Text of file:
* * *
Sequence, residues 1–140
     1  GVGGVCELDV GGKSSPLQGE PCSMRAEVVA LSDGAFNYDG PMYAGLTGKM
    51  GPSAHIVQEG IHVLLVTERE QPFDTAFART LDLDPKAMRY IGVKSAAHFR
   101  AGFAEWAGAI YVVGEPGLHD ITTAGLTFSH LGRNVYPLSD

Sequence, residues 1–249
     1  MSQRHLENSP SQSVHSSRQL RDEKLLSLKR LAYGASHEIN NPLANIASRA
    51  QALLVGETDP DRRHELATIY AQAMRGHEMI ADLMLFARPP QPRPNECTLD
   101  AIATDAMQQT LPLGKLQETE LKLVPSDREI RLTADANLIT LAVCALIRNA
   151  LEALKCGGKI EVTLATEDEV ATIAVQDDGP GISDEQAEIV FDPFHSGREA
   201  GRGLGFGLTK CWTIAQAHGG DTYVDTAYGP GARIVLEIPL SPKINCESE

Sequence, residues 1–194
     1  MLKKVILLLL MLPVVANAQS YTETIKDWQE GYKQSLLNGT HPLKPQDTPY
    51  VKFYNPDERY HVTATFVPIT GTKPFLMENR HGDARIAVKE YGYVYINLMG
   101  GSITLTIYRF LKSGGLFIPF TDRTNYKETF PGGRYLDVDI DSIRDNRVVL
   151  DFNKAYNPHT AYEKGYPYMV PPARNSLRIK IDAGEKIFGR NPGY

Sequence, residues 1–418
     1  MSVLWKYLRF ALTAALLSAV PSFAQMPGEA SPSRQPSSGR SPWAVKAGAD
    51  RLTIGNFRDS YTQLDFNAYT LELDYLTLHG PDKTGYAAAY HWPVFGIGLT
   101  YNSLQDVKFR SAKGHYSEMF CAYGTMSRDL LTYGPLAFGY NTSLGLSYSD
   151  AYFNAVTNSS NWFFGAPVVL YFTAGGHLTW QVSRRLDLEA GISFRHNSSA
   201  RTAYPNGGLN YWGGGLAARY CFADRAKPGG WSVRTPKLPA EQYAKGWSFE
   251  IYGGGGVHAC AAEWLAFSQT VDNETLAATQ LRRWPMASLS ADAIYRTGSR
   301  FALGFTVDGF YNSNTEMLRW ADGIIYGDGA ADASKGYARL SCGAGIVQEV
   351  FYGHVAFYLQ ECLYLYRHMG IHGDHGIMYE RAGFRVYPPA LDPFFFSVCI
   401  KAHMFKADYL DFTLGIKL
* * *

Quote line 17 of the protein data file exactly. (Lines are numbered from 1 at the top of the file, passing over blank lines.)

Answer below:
     1  MSVLWKYLRF ALTAALLSAV PSFAQMPGEA SPSRQPSSGR SPWAVKAGAD